Walz sees no reason to panic after Olympic gold

Everyone else might be running around wondering if something is wrong, but Spain’s Olympic gold medallist, Marcus Walz, is feeling very relaxed about his form so far in 2017.

The 22-year-old shocked many by winning K1 1000 gold in Rio last year, beating a crack field that included some of the biggest names in the sport.

But at two World Cup meets this year he has found it hard to return to his best; on Friday in Belgrade he once again only just scraped into the final.

“Everyone’s expecting me to win, and if I come second then they think that is very bad,” Walz said.

“But I don’t want to think about that, I just want to have fun and enjoy and gain a bit more experience on the water.

“Even before last year’s Olympics I had decided that this year I will take it a bit easier, because last year was such a strong year. I just needed a mental rest this year.”

But Walz concedes being the reigning Olympic champion does carry with it a lot of pressure, and the year straight after an Olympics is particularly tough.

“It definitely is, yes,” he said.

“After the Olympics I’ve definitely celebrating it very hard and I haven’t been training so much, I think so far this year I’ve been a lot more calm and it definitely shows in the water.

“But even so, I’m very happy to be able to come and compete internationally with all these great champions and still feel the hard competition.”

Walz has set himself the goal this year of making sure Spain qualifies a boat for the K1 1000 at the August World Championships. But his biggest goal in 2017 is helping Spain’s K4 500 qualify for Worlds.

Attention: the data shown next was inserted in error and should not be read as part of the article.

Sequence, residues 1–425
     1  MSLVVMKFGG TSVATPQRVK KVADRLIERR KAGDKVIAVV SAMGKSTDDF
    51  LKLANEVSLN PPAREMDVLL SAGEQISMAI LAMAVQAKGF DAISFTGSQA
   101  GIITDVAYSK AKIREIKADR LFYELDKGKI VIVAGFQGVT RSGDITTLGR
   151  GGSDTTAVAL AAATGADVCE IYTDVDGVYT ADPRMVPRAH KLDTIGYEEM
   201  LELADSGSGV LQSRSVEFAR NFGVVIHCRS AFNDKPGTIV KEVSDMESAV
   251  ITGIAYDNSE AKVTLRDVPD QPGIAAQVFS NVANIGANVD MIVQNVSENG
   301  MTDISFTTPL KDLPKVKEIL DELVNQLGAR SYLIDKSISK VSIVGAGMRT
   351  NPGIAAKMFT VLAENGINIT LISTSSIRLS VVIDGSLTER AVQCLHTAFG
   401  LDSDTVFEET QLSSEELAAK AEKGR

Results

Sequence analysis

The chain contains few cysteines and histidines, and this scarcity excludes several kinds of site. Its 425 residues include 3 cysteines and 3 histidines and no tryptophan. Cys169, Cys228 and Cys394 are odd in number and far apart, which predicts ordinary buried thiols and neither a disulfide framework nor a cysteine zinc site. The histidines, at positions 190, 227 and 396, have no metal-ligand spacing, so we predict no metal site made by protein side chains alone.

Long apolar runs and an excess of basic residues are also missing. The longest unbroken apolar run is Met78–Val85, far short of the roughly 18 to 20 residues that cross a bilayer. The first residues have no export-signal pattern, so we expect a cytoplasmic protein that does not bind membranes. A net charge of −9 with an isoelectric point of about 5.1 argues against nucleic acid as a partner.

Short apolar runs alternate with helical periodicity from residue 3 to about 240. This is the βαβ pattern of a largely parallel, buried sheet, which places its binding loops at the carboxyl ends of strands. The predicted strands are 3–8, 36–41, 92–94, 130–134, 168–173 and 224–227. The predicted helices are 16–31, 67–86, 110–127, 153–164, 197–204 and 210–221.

And he’s also going to be learning how to cope with being the paddler everyone wants to beat, every time he gets on the water.

So far he’s not minding the pressure at all.

“It feels great because I now have all this positive pressure, that I always have to win now,” he said.

“But I don’t really think about that, I just want to be a bit more calm this year and not think about what I should be doing or not.

“I guess everyone is looking at me and trying to beat me in the water, but I’m very calm, and I’ll start very strong again next year maybe.”

At 22 Walz potentially still has several Olympic Games to come, and he gives every indication he plans to be around for as long as he can.

Winning gold in Rio was a buzz, and his life has been turned upside down since the Olympics.

“My life has changed quite a lot since I crossed the finish line. It totally changed at home, with my friends, my colleagues and at the club.

“For everyone in Spain almost everyone knows me. But I think the most important change for me is my mentality, knowing that I’ve been at the top, I’ve been to an Olympics and I’ve won and at only 21 years old.

“That’s made me feel very confident, it’s changed my mentaility. It’s made me always want to win, except for this year when I am feeling much more relaxed.”

So the message to Marcus Walz fans is don’t panic. Marcus certainly isn’t.

The ICF Canoe Sprint World Cup 3 continues in Belgrade on Saturday.

Pic by Balint Vekassy

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